Posted on Nov 14, 2017 by Rick Falkvinge

European Union just decided to block websites without due process “For Consumer Protection”

In a new bill just passed by the European Parliament, the European Union decided to give Internet censorship powers to each state’s consumer protection agency, completely without judicial oversight or a court order. These are the agencies typically dealing with defective electrical products or dangerous chemicals.




In a vote today, The European Parliament voted to give 28 different “consumer protection authorities” the authority to censor websites, any websites, without a court order. According to Member of European Parliament Julia Reda, who reported on the bizarre vote, this bill was pushed by individual European governments who, frankly, demanded unaccountable censorship powers.

These kinds of agencies typically don’t deal with websites. They aren’t expected to understand the Internet in any way, shape, or form. These are the kinds of authorities that deal with detergent safety, chemicals in toys and clothes, and workplace hardshoes. According to statistics of 2014, about 2500 products were forcibly recalled by consumer protection authorities, where the six most common categories were toys (28%), clothing (23%), electrical appliances (9%), motor vehicles (8%), childcare articles (3%), and lighting equipment (3%).

The vast majority of forcibly recalled products – about two-thirds – came from China.

What possible motive could there be for this kind of agency to have the power to censor websites without judicial oversight — an authority where the closest connection to anything resembling a website is the electrical safety of the power cord to the webserver?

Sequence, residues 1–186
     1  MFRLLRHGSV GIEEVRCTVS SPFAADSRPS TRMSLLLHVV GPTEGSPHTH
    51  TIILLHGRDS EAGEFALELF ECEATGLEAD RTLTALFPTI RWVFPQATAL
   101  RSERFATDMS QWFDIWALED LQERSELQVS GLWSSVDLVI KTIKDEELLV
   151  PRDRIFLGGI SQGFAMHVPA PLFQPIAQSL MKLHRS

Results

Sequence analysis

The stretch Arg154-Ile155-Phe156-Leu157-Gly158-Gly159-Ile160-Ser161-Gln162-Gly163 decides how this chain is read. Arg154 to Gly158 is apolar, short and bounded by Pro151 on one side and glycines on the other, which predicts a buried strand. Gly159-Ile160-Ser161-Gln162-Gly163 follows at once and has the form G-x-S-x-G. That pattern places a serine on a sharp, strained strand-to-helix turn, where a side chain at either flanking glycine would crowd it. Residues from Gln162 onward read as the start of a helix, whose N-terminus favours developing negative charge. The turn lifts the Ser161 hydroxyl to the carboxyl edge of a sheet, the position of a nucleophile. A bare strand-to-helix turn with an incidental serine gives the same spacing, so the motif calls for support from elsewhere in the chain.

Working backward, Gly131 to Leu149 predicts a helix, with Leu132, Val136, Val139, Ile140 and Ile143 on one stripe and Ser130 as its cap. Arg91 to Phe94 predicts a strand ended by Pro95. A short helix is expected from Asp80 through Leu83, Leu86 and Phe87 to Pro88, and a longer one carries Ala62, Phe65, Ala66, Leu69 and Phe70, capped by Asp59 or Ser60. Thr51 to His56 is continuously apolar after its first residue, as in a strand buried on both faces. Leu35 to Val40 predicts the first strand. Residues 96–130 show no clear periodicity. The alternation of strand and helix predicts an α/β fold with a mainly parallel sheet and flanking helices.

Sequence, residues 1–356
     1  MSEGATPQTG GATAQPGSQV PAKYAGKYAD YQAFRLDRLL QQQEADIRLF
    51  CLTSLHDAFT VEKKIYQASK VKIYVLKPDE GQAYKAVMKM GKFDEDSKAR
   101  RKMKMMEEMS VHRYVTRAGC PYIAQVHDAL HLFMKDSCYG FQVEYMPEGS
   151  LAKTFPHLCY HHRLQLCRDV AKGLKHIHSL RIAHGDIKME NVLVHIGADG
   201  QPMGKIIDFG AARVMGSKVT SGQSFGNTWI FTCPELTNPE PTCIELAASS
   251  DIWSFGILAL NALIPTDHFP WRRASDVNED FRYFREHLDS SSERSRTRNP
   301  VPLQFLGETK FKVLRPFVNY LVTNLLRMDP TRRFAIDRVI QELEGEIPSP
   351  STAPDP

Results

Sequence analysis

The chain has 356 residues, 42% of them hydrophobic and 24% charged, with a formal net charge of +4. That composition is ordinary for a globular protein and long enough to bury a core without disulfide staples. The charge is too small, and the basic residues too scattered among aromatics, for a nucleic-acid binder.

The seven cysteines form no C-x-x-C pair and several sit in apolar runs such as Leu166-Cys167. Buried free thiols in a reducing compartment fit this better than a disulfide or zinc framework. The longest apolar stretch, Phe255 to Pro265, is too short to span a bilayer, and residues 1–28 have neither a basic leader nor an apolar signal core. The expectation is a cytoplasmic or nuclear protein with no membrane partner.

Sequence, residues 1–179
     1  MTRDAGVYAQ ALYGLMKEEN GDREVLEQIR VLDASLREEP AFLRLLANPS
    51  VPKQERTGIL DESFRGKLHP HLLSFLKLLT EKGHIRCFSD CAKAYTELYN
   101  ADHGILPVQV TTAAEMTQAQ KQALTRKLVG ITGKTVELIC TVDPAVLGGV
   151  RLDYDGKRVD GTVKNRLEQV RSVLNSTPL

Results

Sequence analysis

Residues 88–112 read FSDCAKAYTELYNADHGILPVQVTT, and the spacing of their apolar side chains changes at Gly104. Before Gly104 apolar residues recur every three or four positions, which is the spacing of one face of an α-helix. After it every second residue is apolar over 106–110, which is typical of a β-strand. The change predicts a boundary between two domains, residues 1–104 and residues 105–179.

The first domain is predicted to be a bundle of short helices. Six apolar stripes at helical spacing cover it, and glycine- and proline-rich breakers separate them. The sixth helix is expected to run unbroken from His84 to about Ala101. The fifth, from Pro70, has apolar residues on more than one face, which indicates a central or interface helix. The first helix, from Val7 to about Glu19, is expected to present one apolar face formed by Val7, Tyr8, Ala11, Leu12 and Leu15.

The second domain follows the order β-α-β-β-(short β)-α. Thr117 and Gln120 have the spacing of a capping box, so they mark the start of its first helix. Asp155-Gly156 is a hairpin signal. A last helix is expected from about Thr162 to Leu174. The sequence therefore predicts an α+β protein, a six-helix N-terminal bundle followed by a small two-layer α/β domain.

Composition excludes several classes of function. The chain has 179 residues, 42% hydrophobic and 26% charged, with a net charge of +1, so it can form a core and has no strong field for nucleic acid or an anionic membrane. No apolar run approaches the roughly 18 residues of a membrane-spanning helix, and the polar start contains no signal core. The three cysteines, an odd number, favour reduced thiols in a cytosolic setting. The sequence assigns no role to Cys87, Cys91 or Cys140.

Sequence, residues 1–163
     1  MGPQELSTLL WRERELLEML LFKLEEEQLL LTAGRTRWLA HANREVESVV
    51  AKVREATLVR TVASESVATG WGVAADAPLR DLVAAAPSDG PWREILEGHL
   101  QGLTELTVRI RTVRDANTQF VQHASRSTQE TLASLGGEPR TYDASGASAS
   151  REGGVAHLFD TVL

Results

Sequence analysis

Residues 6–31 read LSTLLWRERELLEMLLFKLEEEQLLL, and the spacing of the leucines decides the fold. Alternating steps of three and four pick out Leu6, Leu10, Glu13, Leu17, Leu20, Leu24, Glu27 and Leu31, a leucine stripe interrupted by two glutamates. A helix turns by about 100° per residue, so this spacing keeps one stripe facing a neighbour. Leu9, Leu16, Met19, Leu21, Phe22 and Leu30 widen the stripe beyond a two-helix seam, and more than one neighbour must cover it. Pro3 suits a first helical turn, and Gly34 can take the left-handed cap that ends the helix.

There is something bigger brewing here. Something much bigger. This is one to keep on the radar.

Meanwhile, a good VPN circumvents censorship as usual, no matter whether it comes from the copyright industry or some obscure consumer protection agency.

About Rick Falkvinge

Rick is Head of Privacy at Private Internet Access. He is also the founder of the first Pirate Party and is a political evangelist, traveling around Europe and the world to talk and write about ideas of a sensible information policy. Additionally, he has a tech entrepreneur background and loves good whisky and fast motorcycles.


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1 Comments

  1. Antimon555

    Taxes and customs maybe? There are plenty of sites selling stuff, not least electronics, shipped directly from China, and such fees can be avoided.

    It doesn’t feel like that is the whole explanation, but it’s at least more likely than that they would actually be doing it for “consumer protection”…

    4 weeks ago
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